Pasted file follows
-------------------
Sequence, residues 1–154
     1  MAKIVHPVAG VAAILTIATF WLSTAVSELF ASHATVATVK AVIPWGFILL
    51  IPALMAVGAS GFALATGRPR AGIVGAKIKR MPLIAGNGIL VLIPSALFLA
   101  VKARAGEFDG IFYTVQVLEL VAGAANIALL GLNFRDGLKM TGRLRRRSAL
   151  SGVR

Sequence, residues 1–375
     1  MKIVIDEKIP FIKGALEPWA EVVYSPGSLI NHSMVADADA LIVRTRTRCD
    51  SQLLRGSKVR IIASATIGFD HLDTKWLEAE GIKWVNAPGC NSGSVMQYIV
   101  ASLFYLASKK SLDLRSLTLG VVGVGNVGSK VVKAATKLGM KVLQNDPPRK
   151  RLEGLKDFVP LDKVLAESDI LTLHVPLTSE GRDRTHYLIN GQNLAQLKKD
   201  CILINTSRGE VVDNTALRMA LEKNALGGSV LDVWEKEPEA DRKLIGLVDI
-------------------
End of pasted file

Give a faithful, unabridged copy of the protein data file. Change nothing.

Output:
Sequence, residues 1–154
     1  MAKIVHPVAG VAAILTIATF WLSTAVSELF ASHATVATVK AVIPWGFILL
    51  IPALMAVGAS GFALATGRPR AGIVGAKIKR MPLIAGNGIL VLIPSALFLA
   101  VKARAGEFDG IFYTVQVLEL VAGAANIALL GLNFRDGLKM TGRLRRRSAL
   151  SGVR

Sequence, residues 1–375
     1  MKIVIDEKIP FIKGALEPWA EVVYSPGSLI NHSMVADADA LIVRTRTRCD
    51  SQLLRGSKVR IIASATIGFD HLDTKWLEAE GIKWVNAPGC NSGSVMQYIV
   101  ASLFYLASKK SLDLRSLTLG VVGVGNVGSK VVKAATKLGM KVLQNDPPRK
   151  RLEGLKDFVP LDKVLAESDI LTLHVPLTSE GRDRTHYLIN GQNLAQLKKD
   201  CILINTSRGE VVDNTALRMA LEKNALGGSV LDVWEKEPEA DRKLIGLVDI